WATERTOWN — Fifty years ago this week, as many as 500,000 people converged on Max Yasgur’s farm in Bethel for the Woodstock Music and Art Fair and the three days of peace and music that defined a generation.

But the third edition of Woodstock, held in Rome in 1999, was known more for the chaos that ended the three-day concert at the former Griffiss Air Force Base.

That Sunday night, concert-goers apparently had enough of spending $4 for a bottle of water and $12 for a slice of pizza.

Pandemonium ensued.

About 200,000 music fans descended on the central New York city from July 22 to July 25 to camp out and listen to the live music of James Brown, Cheryl Crow, Dave Matthews, Willie Nelson and Counting Crows.

At the time, I was a reporter for the Schenectady Daily Gazette and helped cover the music festival. I was among three reporters from the Amsterdam bureau assigned to drive 80 miles to Rome to find a story with a local angle for the paper.

As a weekend reporter, I was there for that last night that erupted into violence.

By then, police reported four alleged rapes that occurred during three days, including a gang rape during Limp Bizkit’s set.

With the sun going down on the crowd on Sunday, the Red Hot Chili Peppers closed the music festival with “Under the Bridge.” But an anti-gun group distributed candles to festival-goers for a peaceful vigil. Instead, revelers used the candles to start bonfires and ignite an audio tower. Tractor-trailers were tipped over and ATM machines broken into. Vendors scrambled to escape the mayhem.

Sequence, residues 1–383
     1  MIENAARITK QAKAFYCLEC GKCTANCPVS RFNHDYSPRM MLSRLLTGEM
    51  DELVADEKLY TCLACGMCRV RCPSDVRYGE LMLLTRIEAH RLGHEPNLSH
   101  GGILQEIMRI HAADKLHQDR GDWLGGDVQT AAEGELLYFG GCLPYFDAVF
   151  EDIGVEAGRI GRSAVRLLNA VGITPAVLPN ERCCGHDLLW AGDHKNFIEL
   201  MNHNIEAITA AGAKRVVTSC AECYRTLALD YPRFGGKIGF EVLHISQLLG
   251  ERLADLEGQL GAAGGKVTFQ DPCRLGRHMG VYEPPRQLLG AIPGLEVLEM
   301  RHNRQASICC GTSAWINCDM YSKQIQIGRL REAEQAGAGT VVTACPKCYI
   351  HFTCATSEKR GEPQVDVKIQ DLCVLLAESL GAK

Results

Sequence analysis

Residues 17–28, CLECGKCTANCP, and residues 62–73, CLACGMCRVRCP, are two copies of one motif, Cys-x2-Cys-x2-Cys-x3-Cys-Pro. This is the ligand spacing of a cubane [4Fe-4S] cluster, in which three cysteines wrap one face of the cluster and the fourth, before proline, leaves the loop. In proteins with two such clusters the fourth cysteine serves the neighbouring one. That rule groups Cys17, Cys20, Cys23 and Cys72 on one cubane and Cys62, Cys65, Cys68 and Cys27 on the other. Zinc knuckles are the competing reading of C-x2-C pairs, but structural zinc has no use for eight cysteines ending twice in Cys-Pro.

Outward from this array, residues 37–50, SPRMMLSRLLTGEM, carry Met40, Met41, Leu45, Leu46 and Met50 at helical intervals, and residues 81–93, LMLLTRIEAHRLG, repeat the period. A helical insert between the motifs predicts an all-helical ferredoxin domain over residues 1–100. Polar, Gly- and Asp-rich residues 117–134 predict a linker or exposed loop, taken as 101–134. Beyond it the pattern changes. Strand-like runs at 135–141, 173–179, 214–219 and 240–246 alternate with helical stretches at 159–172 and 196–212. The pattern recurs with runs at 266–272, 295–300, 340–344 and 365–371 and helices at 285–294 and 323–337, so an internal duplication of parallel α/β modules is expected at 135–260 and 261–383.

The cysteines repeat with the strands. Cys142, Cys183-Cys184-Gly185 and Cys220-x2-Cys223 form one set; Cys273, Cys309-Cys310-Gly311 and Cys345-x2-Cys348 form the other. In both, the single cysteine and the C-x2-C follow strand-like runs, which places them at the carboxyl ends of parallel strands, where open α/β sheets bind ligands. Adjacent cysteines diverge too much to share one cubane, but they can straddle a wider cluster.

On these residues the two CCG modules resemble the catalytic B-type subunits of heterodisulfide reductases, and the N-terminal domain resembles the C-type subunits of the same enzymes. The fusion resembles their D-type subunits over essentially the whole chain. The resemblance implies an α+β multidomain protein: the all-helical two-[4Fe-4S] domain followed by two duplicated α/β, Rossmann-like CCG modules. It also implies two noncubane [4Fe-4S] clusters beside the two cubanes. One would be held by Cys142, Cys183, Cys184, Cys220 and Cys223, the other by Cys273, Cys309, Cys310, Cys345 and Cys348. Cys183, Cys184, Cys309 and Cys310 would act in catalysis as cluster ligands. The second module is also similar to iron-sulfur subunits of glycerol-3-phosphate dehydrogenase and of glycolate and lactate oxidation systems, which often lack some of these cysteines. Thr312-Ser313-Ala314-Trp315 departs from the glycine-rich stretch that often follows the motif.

I was sitting on a hill as all of it played out.

Our photographer Heather called me on her cell phone from her tent in the camping area. She was scared. I could hear loud voices in the background.

I got off the phone with her and called my editor to see what I should do, how should I cover what was going on below.

He directed me to stay put.

It was too late for the Monday’s edition, so he told me to look for someone to talk to the next day. Get their reaction comparing the three days of peace and music in 1969 to what happened in Rome, later called by the San Francisco Chronicle as “the day the music died.”

I called Heather back and stayed on the phone with her to make sure she was OK.

Heather didn’t scare easily. She always gave a “don’t mess with me” attitude no matter the assignment. Over the years, I saw her at police scenes, making her way through to get that shot she needed.

We stayed on the phone for a couple of hours — until things quieted down and she felt safe.

By then, it was after midnight. The media tent was dark. I didn’t know what to do, except sleep in my car and see what the scene looked like the next morning.

As the sun came up, a lone state police car with a trooper inside slowly made its way through tons of garbage around it. Charred tractor-trailers were among the ruins.

Word soon got out that Woodstock promoters were going to hold a news conference about what happened.

According to my story from 1999, concert promoter John Scher tried to explain.

Reporters asked was it the 100-degree temperatures and the lack of shade at the concert site that played a role? Or the exorbitant prices for the food and water? Had times changed from the bastion of free love back in 1969?

About four dozen people were arrested on various charges and more than 1,000 people needed medical treatment during those four days.

To prevent the gatecrashers that occurred in 1969, promoters had 12-foot-tall walls of plywood put up. Concert-goers said they felt that it was no longer about the music. Only about money.

While we reminisce about that first Woodstock, the final one faded into history even before any acts went on stage.

Promoters had hoped to put on the 50-year reunion at Watkins Glen before investors pulled out. Then it was going to be moved to Vernon Downs, Oneida County. It didn’t work out there, either.

Promoters finally canceled the music festival altogether after they tried moving it to a concert venue in Maryland.

Maybe that 1999 Woodstock taught us that the peace and music from 30 years earlier was truly a moment that defined a generation.

It’s time to move on.

Johnson Newspapers 7.1

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